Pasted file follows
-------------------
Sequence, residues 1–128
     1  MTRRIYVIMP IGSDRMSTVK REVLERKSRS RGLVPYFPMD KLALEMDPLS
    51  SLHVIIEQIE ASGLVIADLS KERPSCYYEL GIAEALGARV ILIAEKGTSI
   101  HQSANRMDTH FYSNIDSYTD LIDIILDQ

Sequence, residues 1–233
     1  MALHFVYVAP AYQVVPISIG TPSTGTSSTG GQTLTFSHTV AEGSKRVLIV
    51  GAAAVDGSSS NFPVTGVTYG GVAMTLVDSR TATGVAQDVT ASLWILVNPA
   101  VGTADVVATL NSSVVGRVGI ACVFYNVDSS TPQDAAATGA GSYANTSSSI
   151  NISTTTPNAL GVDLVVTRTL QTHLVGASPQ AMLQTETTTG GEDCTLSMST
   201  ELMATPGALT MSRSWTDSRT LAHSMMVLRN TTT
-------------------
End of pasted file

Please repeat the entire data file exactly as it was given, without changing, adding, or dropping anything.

Sequence, residues 1–128
     1  MTRRIYVIMP IGSDRMSTVK REVLERKSRS RGLVPYFPMD KLALEMDPLS
    51  SLHVIIEQIE ASGLVIADLS KERPSCYYEL GIAEALGARV ILIAEKGTSI
   101  HQSANRMDTH FYSNIDSYTD LIDIILDQ

Sequence, residues 1–233
     1  MALHFVYVAP AYQVVPISIG TPSTGTSSTG GQTLTFSHTV AEGSKRVLIV
    51  GAAAVDGSSS NFPVTGVTYG GVAMTLVDSR TATGVAQDVT ASLWILVNPA
   101  VGTADVVATL NSSVVGRVGI ACVFYNVDSS TPQDAAATGA GSYANTSSSI
   151  NISTTTPNAL GVDLVVTRTL QTHLVGASPQ AMLQTETTTG GEDCTLSMST
   201  ELMATPGALT MSRSWTDSRT LAHSMMVLRN TTT